Click Forensics Delivers Platform To Validate Display Ad Traffic

Paul Pellman

Click Forensics will open a program Friday to audit impressions in display ads. The program tests the ability to filter ads and identify invalid traffic in real-time.

Taking a cue from its existing platform to monitor and score billions of clicks, now the company will use the technology to score impressions, as well as determine fraud and validity. The effort to ease the ad industry's growing pains and increase transparency into ad-buying and conversions could prevent marketers from wasting ad dollars and gain better return on investments.

"We're looking at all the data being purchased through media sold or purchased," says Paul Pellman, chief executive officer, Click Forensics, Austin, Texas. "We do machine learning and predictive modeling against that data to identify anomalous patterns and traffic sources that we have proven invalid in the past."



Pellman points to more companies being added to the media-buying process as creating complexity. He says adding companies, such as ad exchanges, demand-side platforms (DSPs) and blind ad networks, muddies the view to return on investment by creating less clarity in the advertising buying supply chain.

Ad quality and how to determine it: it's a problem that doesn't keep marketers up at night, but does prompt some to search for a solution. "They become almost another data provider to help us determine the impressions we want to buy and how much to pay for it," says Matt Greitzer, vice president of search marketing and head of ATOM Systems at Razorfish.

Greitzer says Razorfish relies on Click Forensics for search marketing campaigns, but not digital display campaigns. He says the service will add value that others don't offer.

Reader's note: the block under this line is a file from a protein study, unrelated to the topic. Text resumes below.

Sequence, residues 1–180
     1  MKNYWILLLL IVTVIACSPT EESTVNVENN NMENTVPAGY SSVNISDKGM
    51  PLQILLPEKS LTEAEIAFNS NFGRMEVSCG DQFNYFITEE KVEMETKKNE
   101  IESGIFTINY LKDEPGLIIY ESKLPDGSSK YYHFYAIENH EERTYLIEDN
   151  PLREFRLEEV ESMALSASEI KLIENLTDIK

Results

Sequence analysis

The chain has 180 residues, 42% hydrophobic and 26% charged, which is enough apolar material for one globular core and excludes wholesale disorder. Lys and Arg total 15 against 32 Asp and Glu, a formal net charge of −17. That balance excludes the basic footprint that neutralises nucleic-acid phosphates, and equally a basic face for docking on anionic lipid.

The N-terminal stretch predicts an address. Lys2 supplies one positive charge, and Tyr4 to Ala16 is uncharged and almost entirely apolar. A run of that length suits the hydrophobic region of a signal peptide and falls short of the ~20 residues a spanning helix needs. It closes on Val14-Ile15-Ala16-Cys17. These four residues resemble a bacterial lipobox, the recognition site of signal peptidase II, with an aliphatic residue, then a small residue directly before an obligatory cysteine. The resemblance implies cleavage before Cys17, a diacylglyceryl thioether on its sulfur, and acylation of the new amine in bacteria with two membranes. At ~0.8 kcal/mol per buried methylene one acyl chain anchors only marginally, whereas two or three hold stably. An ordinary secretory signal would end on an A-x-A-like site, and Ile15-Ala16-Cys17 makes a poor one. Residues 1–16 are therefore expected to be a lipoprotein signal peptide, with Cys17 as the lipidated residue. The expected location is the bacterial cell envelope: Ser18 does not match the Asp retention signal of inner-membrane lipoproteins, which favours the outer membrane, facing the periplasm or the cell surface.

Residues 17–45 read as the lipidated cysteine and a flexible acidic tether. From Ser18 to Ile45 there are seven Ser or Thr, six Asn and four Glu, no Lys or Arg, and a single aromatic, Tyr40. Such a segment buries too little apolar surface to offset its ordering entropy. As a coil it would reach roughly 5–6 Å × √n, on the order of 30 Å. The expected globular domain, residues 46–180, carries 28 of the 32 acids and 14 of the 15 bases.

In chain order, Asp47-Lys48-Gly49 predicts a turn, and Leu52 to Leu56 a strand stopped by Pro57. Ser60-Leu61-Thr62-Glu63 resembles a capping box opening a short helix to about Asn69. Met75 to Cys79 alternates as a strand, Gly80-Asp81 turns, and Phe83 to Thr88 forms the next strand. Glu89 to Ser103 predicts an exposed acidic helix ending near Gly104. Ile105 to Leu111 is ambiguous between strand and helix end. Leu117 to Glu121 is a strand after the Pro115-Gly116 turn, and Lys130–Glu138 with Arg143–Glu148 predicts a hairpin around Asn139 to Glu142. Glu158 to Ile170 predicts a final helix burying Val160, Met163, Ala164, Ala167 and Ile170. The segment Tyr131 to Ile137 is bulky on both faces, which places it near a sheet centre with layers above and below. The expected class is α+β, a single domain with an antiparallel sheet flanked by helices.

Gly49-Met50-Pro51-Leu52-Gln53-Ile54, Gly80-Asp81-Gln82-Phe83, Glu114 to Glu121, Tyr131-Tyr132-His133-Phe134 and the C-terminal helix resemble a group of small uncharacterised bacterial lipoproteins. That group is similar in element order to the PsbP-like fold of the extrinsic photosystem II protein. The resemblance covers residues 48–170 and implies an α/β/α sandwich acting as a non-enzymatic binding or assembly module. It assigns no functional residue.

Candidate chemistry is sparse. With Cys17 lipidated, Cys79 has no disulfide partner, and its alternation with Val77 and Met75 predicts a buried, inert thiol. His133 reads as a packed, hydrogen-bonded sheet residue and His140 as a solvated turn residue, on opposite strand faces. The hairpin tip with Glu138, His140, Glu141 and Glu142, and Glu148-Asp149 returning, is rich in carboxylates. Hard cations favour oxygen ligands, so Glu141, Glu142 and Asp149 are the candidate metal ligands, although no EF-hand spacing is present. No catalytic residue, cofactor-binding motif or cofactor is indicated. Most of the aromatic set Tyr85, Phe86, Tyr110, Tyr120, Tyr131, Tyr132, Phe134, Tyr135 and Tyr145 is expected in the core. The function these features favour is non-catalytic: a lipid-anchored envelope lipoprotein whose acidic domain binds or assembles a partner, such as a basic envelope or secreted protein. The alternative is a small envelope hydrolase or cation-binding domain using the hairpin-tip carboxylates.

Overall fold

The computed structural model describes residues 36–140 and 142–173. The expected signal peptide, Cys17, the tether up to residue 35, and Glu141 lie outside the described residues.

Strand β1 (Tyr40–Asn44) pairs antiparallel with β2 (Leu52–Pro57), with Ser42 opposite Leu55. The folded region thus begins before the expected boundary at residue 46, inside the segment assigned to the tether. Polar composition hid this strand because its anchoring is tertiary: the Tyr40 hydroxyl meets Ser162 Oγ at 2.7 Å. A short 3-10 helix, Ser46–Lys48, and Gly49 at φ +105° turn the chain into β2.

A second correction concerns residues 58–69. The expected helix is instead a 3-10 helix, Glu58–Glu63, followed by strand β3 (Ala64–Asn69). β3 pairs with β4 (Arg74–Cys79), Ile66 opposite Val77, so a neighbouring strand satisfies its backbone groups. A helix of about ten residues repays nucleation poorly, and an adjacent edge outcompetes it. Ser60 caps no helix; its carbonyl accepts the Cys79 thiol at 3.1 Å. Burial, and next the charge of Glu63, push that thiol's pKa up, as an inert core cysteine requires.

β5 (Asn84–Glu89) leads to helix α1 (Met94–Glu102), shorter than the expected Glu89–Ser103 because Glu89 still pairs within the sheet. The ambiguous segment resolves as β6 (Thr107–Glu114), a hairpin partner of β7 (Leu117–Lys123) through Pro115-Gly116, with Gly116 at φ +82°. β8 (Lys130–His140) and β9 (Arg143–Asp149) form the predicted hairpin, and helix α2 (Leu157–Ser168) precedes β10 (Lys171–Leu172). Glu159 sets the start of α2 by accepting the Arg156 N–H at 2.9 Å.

Click Forensic's technology will need a few tweaks. Pellman says there are aspects of fraud and invalid traffic in the impressions space that are somewhat different in the click space. Below-the-fold impressions, where the ads are never viewed by someone, or the concept of URL padding -- where advertisers buy inventory across a range of URLs, thinking they will get good coverage but don't -- are a couple.

Ad stuffing -- where ads are shown in a rapid pace through iframe tags only viewable for a short period of time or invisible pages -- remain two more unique problems to display advertising that Click Forensic customers want solved.

The advertising industry grew up with an efficient way to syndicated ads. Ad networks helped to push the content out. The use of an iframe tag isn't a problem, Pellman says, but the unanticipated outcome remains a lack of transparency. Fraudsters and scammers look for any loophole in the infrastructure that enables them to make fraudulent traffic look like valid traffic.

The Click Forensics display ad verification platform also aims to help marketers verify the delivery of purchased impressions, such as how many impressions they received, to whom they were delivered, and whether they were viewed by a human for an appreciable time period. By using the platform, advertisers and agencies will be able to pre-filter individual unwanted impressions in real-time and verify that campaign objectives are met by delivering better targeted impressions.


1 comment about "Click Forensics Delivers Platform To Validate Display Ad Traffic".
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  1. John Jainschigg from World2Worlds, Inc., February 26, 2010 at 4:09 p.m.

    It occurs to me that "buying ads from media you know, consciously value, and can unambiguously (and at many levels) justify doing business with" is another - somewhat lower-tech - way of operating that would substantially solve the problem.

    What ad buyers need to grasp is a) that problems arise from problematic strategy, and b) that systems exceeding in complexity the capacity of a single ethical human mind to grasp in detail lead inevitably to corruption. Replacing the above 'civilized' business model with one that seeks -- both in essence and through abstraction via legions of middlemen -- to use cold machines to strip-mine eyeballs at global scales makes inevitable the fact that some (many) of these efforts will terminate on Byelorussian Mafiya sites incentivized and capable of scamming them. At that point, it becomes an arms-race between Mafiya hackers and security hackers, enriching both without solving the fundamental problem of trust -- which, in fact, cannot be solved for systems of transhuman scale.

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